Trim The Fat Tuesday: The Cell Phone

Get ready. This is a big one.

And that's because cell phone plans are ri-goddamn-diculously expensive — even after you've canceled your landline.

For example, the adults in our household each own an (aging but perfectly functional) iPhone 4s on a plan with Verizon. That plan costs about $175 a month, which is the price of the contract we were still using, even though we were no longer locked into it.

Add to this a sixth grader with a pay-as-you-go flip phone and a new-found texting habit. That plan was excellent for emergencies, but at a dime for each text, this was averaging another $55 per month.

That's $230 a month for the phones.

$2760 a year.

Whoa. It's definitely time to …

Find a cheaper cell phone plan.

I'm not gonna lie, this took forever. I did a ton of research, and learned a lot more about cell phones and how the networks work than I really wanted to know.

To sum it up, the big carriers that you've heard of (Verizon, AT&T, Sprint, and TMobile) sell off their extra bandwidth (or whatever) to discount carriers that you've maybe heard of, like MetroPCS and Kajeet. It get complicated depending on what carrier your phone was designed to work with, if it's locked.

Ours are Verizon iPhones, which is about the least versatile thing you can have. They don't have many discounted dealers on their network, and the ones they do aren't all that cheap.

At first I thought the best we would do would be around $50 per month per person to keep our phones, but as I did more research, I found that even cheaper plans could be had with an AT&T or Sprint iPhone.

The best plan I found (for our family members and our usage pattern) is with Ting. They have a unique pricing system of "buckets," where you pay for your usage in different categories:

They automatically charge you the rate for the section you end up in at the end of the month, but you can mix and match. For example, if you never talk, that charge would be XS ($0), but if you use a ton of data you could be L ($24) for that. These can change each month, and can be shared by family members, with a charge of $6 per device, to which they add the usage charges at the end of the month.

It helps to know your actual usage to see how this will play out for you. I found ours out by looking up our past history on Verizon's website (and it turns out they had way oversold us on our data needs because they are jerks). Once you sign up, Ting has a great website that keeps track of it for you and lets you know your current usage and charges, plus an estimate of how that will end up at the end of the month. Here's ours:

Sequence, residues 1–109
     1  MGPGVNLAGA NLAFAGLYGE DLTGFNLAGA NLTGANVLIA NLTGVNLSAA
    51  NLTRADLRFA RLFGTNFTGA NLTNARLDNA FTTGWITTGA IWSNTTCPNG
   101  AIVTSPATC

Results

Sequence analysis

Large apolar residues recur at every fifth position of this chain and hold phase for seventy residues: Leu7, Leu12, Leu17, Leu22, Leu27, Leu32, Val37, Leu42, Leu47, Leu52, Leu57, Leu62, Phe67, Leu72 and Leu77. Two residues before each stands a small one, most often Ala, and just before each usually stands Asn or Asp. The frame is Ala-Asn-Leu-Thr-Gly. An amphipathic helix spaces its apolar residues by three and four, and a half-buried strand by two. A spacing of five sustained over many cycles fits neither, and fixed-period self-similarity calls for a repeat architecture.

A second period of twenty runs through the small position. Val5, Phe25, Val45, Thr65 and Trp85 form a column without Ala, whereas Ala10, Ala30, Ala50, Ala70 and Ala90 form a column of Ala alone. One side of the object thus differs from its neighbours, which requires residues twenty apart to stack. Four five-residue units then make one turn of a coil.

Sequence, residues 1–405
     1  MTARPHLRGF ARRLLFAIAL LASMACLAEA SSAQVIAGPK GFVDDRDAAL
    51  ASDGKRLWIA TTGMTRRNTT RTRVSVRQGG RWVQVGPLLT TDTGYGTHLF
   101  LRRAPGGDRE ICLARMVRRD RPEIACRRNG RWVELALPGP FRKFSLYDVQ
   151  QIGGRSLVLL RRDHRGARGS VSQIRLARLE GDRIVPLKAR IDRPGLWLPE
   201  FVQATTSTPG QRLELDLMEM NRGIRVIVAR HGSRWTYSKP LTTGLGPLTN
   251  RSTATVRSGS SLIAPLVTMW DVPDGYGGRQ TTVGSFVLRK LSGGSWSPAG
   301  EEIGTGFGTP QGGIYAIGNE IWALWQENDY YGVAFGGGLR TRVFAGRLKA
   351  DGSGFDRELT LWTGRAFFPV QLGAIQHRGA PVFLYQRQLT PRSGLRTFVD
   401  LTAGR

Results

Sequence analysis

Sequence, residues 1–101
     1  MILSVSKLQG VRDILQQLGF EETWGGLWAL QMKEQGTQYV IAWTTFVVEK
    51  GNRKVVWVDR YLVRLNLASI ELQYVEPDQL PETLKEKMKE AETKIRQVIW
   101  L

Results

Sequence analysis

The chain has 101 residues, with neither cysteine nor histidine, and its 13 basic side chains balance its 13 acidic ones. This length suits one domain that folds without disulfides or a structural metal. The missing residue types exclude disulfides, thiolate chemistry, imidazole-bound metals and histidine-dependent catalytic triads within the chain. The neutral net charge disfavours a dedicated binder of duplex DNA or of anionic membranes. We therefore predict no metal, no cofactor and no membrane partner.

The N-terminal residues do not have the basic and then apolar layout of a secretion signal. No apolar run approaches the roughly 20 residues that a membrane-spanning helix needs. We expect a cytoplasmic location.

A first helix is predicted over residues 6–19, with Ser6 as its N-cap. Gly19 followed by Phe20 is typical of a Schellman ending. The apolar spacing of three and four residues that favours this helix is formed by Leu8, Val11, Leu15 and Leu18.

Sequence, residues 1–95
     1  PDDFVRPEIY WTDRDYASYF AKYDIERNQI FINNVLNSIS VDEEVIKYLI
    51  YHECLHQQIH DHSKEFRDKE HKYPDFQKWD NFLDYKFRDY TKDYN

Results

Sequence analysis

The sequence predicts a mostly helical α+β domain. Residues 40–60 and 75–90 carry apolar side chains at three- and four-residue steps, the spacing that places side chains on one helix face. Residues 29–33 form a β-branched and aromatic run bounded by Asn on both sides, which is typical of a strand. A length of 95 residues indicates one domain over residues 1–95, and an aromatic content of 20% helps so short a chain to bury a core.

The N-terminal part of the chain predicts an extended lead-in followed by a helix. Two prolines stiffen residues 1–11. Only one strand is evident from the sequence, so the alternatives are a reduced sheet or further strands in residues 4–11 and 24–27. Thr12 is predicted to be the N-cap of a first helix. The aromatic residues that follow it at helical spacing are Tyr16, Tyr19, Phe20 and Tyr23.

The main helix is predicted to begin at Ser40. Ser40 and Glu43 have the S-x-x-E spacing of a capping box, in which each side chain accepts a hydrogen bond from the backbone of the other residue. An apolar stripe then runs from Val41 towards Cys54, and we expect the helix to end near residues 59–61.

We're about halfway through the month, and with our three phones, (and another couple bucks in taxes) it looks like we'll end up paying $50 for the month. FOR ALL THREE PHONES. 

AND Ting offers a $25 signing bonus as a credit to your first bill, so it's an even sweeter deal. You can get even more credits for referrals, if that's something you're interested in (full disclosure: the link above for Ting is my personal referral link, so if you use it to sign up, I'll get another $25, while you get your own $25 signing bonus and any future referrals).

The only area where it looks like we could ever end up bumping into the higher charge is with data, which would mean a monthly bill of $56 — only in those months when we used a lot. We can totally control that usage too, by being diligent about using wifi (instead of 3G) whenever it's available. 

Now, the pain in the ass part of this was that I had to buy Sprint phones to make this work. I got Tiegan a refurbished flip phone for $20 from Kajeet (my original thought was that her plan would be through them as well, since they offer really great parental controls, but I changed my mind when I realized that adding her to Ting with us would basically just cost $6 a month.

For us, I bought two used Sprint iPhone 4s phones on eBay (where I was able to find ones that are still running iOS6!), for about $175 apiece. Then I sold our old Verizon iPhones at for $200 each. That's a $30 profit overall: $50 for the sale of the phone minus the $20 I paid for the flip phone. Score!

This was a long process, with the research and the buying and the selling and the shipping of phones. All told, it probably took two months to get everything squared away. But it is totally worth it: Now we only pay $45 a month for our cell phones for the whole family. The service is just fine (though obviously you should check what phones are supported, and what coverage looks like in your area before choosing a discount carrier yourself). 

And we just saved ourselves over $2000 a year! 

Woo hoo!

Savings per month: $180

One-Time Savings: $25

One-time profit: $30


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